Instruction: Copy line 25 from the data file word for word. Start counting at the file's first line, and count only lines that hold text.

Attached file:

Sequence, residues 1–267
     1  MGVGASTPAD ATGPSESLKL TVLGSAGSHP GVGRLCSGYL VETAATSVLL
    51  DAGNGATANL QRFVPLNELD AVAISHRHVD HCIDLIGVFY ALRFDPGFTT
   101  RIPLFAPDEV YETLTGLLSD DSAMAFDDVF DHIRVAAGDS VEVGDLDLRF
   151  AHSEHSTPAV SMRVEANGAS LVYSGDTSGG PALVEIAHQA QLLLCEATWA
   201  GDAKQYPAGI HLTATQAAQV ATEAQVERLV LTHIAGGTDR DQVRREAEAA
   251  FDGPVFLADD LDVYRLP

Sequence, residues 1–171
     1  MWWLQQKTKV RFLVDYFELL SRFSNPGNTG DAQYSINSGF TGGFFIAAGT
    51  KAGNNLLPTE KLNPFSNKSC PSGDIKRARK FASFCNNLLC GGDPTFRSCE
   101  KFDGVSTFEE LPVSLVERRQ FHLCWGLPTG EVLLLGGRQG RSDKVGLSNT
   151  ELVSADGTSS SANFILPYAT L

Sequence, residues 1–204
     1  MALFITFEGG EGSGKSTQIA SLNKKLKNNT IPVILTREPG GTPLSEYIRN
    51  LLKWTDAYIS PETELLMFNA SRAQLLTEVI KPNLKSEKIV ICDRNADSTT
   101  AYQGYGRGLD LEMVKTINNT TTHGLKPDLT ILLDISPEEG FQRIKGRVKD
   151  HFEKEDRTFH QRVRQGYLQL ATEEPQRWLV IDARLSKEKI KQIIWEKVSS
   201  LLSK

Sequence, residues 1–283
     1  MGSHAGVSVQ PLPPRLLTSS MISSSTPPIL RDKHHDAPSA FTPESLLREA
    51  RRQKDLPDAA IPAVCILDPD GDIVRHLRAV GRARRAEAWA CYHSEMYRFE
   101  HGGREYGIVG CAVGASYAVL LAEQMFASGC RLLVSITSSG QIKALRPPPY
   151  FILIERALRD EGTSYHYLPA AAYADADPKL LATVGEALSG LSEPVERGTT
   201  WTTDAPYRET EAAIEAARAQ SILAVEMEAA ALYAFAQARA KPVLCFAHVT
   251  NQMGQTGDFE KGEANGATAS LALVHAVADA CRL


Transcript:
   251  NQMGQTGDFE KGEANGATAS LALVHAVADA CRL